More than 40 percent of chief financial officers (CFOs) around the world think bitcoin is real, according to a CNBC survey.
CNBC received 43 responses from its Global CFO Council to a survey about its views on bitcoin. According to the result, 12 of the respondents think that it is “real but in a bubble”, and six respondents believe it is “real and still going higher”.
Meanwhile, another 12 respondents said they believe bitcoin is a “fraud”, while the remaining 13 said they do not know enough about the cryptocurrency to have an opinion.
Of the finance chiefs based in Europe, the Middle East and Africa, 41 percent said that bitcoin is “real but in a bubble”, higher than that in the United States (20 percent) or the Asia-Pacific region (28 percent), according to the survey.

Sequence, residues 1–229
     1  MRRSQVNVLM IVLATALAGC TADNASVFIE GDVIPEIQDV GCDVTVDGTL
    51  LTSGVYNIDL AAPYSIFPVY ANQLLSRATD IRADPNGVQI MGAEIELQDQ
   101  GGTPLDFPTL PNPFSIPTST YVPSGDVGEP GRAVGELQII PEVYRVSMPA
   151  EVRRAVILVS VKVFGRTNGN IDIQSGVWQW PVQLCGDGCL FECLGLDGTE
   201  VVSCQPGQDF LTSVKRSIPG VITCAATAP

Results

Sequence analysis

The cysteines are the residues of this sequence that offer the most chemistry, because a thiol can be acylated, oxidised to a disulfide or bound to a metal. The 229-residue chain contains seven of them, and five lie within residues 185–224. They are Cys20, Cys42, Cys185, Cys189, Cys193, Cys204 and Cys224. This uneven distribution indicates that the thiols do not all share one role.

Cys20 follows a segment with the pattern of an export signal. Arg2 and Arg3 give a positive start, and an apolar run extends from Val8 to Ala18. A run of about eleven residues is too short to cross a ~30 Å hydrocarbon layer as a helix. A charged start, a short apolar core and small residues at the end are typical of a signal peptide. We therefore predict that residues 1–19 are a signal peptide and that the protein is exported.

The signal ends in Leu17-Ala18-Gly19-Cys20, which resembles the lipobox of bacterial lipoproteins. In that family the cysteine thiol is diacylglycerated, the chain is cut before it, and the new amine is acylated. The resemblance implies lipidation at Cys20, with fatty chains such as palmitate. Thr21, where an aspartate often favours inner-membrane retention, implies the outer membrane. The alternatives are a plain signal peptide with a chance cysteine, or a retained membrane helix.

A third of respondents in EMEA also think bitcoin is a “fraud”, higher than their counterparts in other regions of the world.
Roughly 21 percent of American CFOs think bitcoin is in a bubble, compared with about 29 percent in the Asia-Pacific area.
The survey was conducted from Nov. 3 to Nov. 16. Ninety-seven CFOs on CNBC’s Global CFO Council were asked and 43 of them responded. One of the CFOs on CNBC’s council, Solvay executive Karim Hajjar, said he was unsure about bitcoin.
He told CNBC in an interview: “It’s not a currency we are using for a multibillion-dollar business … it’s something we are curious about, we are very very open to, but we haven’t found a way to really integrate it into our business.”
“If a hypothetical customer comes to us and says, ‘I have a bunch of bitcoins to buy your products’, first thing I’ll probably want to do is not turn them away but probably find a way to sell those bitcoins before I commit to the order and then really make sure we meet the needs of that customer,” he said.
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